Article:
That is a very important question. And all up, there’s a $700 million drug and alcohol strategy of which the National Ice Action Strategy is the overwhelming majority, and that includes, exactly as you say, prevention, treatment and rehabilitation. The prevention part is really a combination both of education and early intervention and very tough policing.
So part of our task is to ensure that there is very strong policing, whether it's at the borders or through the work of the Federal Police. The relevant states have to deal with the local issues on the ground, but also to have a strong educational component. And a lot of that we are doing through local drug action teams.
Also through the sports clubs and sports facilities, to get to young people, both to have them engage in sport but also when you talk to the mums and dads who are the coaches and the leaders, they want the information to be able to see the signs early, to talk to their kids and to build peer support.
So, kids are looking after kids. So that there's a whole, as you say, big picture, when you step away from an individual area, but truth is Caboolture and the surrounding area does have a real need. And you know, I have not come across a stronger advocate than the way that Trevor Ruthenberg has gone about it.
We had a conversation with the Queensland Police Minister yesterday, who cautiously but clearly signalled that perhaps it's time for a conversation in Australia about how drug addiction is viewed or framed. Greg Hunt, do you see drug addiction as a criminal issue or a health challenge for Australia?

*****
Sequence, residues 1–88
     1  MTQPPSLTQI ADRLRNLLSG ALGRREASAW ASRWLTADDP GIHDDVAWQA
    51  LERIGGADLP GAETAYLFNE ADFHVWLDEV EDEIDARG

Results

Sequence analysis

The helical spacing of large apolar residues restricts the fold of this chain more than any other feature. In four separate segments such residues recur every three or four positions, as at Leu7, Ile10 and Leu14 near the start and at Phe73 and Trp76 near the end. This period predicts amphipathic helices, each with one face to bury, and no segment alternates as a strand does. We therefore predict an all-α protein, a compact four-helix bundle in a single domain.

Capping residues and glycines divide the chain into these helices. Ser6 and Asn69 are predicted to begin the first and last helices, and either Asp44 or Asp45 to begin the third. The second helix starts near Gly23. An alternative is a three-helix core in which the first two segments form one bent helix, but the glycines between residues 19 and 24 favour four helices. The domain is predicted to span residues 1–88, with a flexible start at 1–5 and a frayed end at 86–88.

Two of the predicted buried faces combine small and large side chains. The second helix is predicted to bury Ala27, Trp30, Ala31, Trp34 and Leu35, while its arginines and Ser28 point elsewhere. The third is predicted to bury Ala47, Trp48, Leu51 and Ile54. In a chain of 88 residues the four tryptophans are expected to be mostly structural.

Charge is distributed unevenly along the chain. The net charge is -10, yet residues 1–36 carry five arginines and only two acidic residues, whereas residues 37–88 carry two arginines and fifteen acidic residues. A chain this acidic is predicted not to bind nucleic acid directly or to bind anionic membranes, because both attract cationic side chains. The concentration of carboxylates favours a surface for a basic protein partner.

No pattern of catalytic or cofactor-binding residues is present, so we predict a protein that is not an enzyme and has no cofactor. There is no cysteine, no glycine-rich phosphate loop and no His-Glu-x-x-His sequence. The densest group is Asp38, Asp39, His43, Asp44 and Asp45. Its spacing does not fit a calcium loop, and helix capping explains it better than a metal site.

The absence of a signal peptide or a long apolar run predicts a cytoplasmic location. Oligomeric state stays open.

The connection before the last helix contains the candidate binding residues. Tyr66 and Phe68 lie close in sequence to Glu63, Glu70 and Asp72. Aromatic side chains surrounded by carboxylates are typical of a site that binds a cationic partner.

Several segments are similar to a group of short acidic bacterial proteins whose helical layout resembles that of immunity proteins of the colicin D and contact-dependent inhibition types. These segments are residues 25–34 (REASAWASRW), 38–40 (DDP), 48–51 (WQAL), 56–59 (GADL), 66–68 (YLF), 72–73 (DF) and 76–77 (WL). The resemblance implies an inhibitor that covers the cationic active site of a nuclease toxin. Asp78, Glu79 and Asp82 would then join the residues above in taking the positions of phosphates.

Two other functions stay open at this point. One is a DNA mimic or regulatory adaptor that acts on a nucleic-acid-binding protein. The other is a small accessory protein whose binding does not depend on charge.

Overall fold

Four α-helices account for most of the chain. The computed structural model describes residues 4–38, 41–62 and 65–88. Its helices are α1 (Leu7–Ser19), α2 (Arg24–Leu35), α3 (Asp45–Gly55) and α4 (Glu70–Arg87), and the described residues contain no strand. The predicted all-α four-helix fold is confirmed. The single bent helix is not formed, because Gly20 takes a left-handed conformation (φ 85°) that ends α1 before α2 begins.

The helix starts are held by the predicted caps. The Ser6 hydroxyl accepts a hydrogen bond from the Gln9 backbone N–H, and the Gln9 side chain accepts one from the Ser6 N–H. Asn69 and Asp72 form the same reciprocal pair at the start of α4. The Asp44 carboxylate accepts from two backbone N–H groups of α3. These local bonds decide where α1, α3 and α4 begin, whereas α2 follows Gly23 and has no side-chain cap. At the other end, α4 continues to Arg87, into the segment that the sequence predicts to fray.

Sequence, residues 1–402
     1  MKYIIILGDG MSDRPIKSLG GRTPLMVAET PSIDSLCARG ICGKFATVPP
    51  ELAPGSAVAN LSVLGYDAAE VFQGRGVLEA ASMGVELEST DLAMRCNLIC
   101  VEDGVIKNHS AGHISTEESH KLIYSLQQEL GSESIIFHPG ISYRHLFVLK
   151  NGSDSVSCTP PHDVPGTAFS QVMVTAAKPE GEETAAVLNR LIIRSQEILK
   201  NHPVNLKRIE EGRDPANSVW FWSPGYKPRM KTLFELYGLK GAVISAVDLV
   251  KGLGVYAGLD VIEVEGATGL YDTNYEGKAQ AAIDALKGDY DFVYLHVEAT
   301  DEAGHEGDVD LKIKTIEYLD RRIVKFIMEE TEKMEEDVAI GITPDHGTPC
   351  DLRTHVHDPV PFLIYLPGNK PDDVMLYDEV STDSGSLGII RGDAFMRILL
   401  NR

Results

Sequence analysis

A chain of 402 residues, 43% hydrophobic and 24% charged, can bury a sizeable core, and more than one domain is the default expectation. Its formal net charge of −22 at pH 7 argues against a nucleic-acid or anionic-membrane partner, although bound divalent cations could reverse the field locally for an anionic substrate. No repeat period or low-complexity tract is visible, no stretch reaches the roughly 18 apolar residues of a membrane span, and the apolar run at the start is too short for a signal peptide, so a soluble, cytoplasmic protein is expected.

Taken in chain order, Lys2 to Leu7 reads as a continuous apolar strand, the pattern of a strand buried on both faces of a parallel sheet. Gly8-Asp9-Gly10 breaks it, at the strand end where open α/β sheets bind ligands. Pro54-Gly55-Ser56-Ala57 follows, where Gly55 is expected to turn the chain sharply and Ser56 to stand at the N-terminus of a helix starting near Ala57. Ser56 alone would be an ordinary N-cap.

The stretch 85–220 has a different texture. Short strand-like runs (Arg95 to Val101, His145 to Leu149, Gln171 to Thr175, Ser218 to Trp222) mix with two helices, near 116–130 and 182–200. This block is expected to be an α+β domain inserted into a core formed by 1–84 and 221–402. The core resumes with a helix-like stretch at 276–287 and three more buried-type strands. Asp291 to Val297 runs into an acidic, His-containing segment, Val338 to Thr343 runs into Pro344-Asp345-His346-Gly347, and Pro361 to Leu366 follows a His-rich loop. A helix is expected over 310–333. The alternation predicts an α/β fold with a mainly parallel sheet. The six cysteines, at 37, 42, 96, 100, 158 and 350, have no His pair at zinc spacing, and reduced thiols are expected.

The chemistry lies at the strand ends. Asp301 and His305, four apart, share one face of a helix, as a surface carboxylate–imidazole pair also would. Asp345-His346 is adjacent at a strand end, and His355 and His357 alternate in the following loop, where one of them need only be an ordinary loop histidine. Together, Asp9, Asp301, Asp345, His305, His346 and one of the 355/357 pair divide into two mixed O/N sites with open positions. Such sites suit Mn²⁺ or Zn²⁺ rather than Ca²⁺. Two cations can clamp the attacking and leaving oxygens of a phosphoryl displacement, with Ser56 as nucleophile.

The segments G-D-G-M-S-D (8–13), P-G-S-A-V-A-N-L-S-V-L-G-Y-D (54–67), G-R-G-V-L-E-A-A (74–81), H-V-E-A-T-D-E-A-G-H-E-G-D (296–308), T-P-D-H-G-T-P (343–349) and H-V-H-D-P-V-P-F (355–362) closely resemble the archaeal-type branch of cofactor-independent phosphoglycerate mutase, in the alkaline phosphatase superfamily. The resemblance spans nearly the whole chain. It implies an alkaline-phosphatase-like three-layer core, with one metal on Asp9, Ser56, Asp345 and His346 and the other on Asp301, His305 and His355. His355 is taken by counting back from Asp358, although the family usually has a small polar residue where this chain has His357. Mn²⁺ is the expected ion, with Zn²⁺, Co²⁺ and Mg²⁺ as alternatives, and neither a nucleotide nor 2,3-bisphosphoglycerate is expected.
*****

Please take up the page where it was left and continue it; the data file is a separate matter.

Well, in fact you have to have both. If we were to go soft on the policing of this, I think that you would see a catastrophic outcome. What we have to do is to ensure that for potential users, for users and for people who are being rehabilitated, there are exactly the sorts of services that we have here.
For those that are involved in the pushing and in the distribution of drugs, I think we have to have an absolutely legally ruthless approach. And I know there are some with other views, but that's not my view and that's not our view as a Federal Government. The risk of normalising heavy drug use is, I think, a dangerous and frightening pathway, and one that we will respectfully but categorically reject.
Well I don't know that necessarily a conversation about drug laws equates to normalising heavy drug use. But I wonder, have you looked at in other countries where drugs have been decriminalised, or the approach has been different to that which doesn't work in Australia or in America. It doesn't work in terms of the way that laws are framed around drugs, selling, addicts, that kind of thing. You talk about- it could be a catastrophic impact. Has that been the case in countries where they have decriminalised drugs?
Well I think what you’d find is that when there was a discussion in Australia recently with regards to, say for example, cannabis and the attempt by the Greens to legalise cannabis use, the evidence is that this is a gateway drug and indeed the examples that you gave earlier of cannabis being laced with methamphetamines to bring people on is a classic example of the gateway.
Also, the evidence of- the health evidence about the links between marijuana and psychological and mental health challenges is increasingly strong, whether it's the evidence coming out of the UK College of- Royal College of Psychiatry or from around the world.
It's absolutely clear that marijuana, and this isn't a moral judgment, it's a health judgment, is increasingly being associated with hard evidence about the mental health impacts. So that it can itself be a profound effect. So mental health can be a pathway into drug and alcohol addiction. But equally, a drug and alcohol addiction can be a pathway to deep, profound, systemic mental health challenges.
It's a big job you have as the Federal Health Minister. Greg Hunt, really appreciate your time this morning. Thank you.